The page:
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I just love today's Gospel. It is one of my favorite stories in all of scripture. It is one of those stories that can be looked at from a thousand angles, somehow offering the possibility of a brand-new revelation each time!
And, as usual, as I was participating in its proclamation at Mass today, it did not disappoint. This time my new angle came through the deep insight of our presiding priest. Although I won't go into into his homily (which I wish I could post here...it was just that good!), I really feel called to share his main point with you.
In a comparison with a Sherlock Holmes story, Father brought to life a truth that we all experience daily: in any given situation, the facts involved can be absolutely the same, but viewed so differently that an outcome can be completely affected.
In the case of the Apostles and followers on the road to Emmaus, they were aware of the facts. They had lived them! They knew the basic story of Jesus - his life, death, and now proposed rising, just as deeply as they knew the stories of scripture and its prophetic words told throughout the ages. Growing up, they had heard the prophesies over and over again, and now they had personally lived as participants in the story of Jesus. The facts were there. So what were they missing? Why were the facts not making sense in light of the news that Jesus had resurrected?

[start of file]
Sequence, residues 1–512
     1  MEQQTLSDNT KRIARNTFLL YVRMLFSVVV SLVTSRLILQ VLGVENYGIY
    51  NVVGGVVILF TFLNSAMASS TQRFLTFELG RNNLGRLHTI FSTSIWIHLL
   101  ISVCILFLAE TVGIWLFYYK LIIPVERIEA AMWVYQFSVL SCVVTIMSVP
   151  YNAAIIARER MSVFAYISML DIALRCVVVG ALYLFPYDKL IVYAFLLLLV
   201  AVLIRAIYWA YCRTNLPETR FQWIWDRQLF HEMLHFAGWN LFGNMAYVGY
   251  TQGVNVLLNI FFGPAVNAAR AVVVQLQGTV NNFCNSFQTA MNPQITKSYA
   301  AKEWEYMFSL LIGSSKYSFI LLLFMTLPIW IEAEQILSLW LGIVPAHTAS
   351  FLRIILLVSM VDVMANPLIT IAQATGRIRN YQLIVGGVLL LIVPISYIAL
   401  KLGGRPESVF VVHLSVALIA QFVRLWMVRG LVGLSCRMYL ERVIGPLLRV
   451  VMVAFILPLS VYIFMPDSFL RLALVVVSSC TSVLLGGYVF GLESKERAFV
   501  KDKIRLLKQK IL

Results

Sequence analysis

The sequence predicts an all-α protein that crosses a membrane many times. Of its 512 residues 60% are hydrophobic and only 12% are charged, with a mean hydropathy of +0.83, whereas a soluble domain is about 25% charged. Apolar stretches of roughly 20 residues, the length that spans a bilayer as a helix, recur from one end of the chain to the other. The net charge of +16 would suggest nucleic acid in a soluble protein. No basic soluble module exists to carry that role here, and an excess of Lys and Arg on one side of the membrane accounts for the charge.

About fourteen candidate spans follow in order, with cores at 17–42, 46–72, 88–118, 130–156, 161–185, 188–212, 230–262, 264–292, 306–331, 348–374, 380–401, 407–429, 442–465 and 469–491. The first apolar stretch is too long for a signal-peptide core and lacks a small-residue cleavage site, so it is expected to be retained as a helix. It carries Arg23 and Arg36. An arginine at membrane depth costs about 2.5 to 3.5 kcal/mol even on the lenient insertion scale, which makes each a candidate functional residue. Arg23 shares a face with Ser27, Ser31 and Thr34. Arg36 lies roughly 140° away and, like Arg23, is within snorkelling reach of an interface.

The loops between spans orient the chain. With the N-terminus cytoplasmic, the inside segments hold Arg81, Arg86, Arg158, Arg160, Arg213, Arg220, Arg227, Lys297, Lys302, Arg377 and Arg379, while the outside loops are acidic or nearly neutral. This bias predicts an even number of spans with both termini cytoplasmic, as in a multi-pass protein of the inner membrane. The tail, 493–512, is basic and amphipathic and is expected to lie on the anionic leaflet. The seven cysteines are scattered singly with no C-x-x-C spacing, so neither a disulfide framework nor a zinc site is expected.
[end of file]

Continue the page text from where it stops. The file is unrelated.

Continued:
When the "stranger" walked with them on the road, He also had the facts. But due to His point of view as the victim and the One who had fulfilled the prophesies, He understood the connections, could see the timeline, and could recognize each and every utterance as part of the Master Plan. Because of this, He was able to explain and reveal another perception of the facts, one that included the "reading between the lines" factors that the Apostles were missing. That's why their hearts burned within them. Revelation had come to the forefront, opening their eyes to a reality and truth that had previously been beyond their imagining.
And, as if this wasn't enough, Jesus made manifest all that they had been learning by revealing Himself to them at the breaking of the bread. How awesome!!!
In reflecting, I couldn't help but consider my understanding of the Old Testament. How would I read and view it without the lens of the New Testament? Would it be similar to how the Jewish people view it today? An unexpected feeling of relief came over me as I pondered, followed quickly by a wave of deep gratitude. I am so incredibly blessed to have the ability to see scripture through the lens of Jesus' revelations!
We've all heard the familiar phrase, "Jesus changes everything."
I'm sure that the Apostles and followers of Jesus on the road to Emmaus would fervently agree!
Photo Attribution: https://commons.wikimedia.org/wiki/File:Z%C3%BCnd_Gang_nach_Emmaus_1877.jpg
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